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Chapter 27

THE DETECTIVE'S THEORY


Bounding up the steps three at a time Larry rang the bell of the Potter residence. He thought the door would never be opened, and, when the stately butler did swing back the portal the young reporter, not waiting to ask for anyone, stepped into the hall.

"No one at home," the servant remarked with a smile, for he had gotten to be on quite friendly terms with Larry.

"No one home?"

"No. Mrs. Potter and Miss Grace have gone to Lakewood, N.J., for a few days. Mrs. Potter was quite ill, and the doctor advised a change of air, so she suddenly decided to go."

"When are they coming back?"

"I can't rightly say. In a few days, I expect. I was told to tell you that if anything important occurred you could write to them. Here is the address," and the butler gave Larry a slip of paper.

"I wonder whether I ought to telegraph?" thought Larry to himself. "I think this is very important, yet I am not sure enough of it myself. I can't see Retto until the day after to-morrow. I had better wait until then. If my suspicions are confirmed I will send a message, in case they are not back by that time."

Larry was about to leave the house when he saw a man coming up the front steps. He recognized him as a member of the private detective agency which he and Grace had visited.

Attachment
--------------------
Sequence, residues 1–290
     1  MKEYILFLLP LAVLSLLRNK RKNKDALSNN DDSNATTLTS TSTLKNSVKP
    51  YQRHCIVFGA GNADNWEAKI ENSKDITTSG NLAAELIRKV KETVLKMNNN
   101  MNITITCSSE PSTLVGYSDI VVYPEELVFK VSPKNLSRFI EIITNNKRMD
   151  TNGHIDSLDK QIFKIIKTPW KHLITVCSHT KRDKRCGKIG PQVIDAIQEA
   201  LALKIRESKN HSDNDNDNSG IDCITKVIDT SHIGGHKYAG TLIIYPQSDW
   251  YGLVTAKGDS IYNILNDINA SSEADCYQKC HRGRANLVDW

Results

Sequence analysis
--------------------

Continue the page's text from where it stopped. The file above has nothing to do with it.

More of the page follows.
"Is Mrs. Potter home?" asked the man of the butler, who was standing in the opened front door, while Larry remained in the shadow of the hall.

"No, she has gone to Lakewood."

"Lakewood! That's too bad!" exclaimed the man.

"Is it anything important?" inquired the butler.

"I think I have located Mr. Potter," was the answer. "I am a private detective, hired by Miss Grace Potter. I came to see if she or her mother would accompany me to try to identify a man I believe is the missing millionaire."

"Where is he?" asked the butler.

"In a hospital, quite badly hurt."

"Mr. Potter in a hospital! Badly hurt!" cried the servant in alarm. "What shall I do? Can't they bring him home?"

"We must be sure it is him," the detective went on. "The description answers pretty well, but it would take a member of the family to make sure. So there's no one home, eh? Well, that's too bad. I wanted to test my theory that the hospital patient is the missing millionaire."

"You can telegraph to them," suggested the butler. "I have the address."

"That's what I'll do," the detective replied. "I'll tell them what I have discovered. They can get here to-morrow and we'll see if he's the right man."

The officer took the address the servant gave him and hurried away.

"Did you hear that?" cried the butler to Larry. "Mr. Potter is found!"

"I hope it proves true," the reporter replied. "That is just what I came about, but when I found Mrs. Potter gone I didn't know what to do. I had rather the detective would take the responsibility of telegraphing. Perhaps the man in the hospital is not Mr. Potter?"

"Do you know him?" asked the butler.

"I have met him several times," replied Larry, "but I did not know he was Mr. Potter. It just dawned on me that he might be."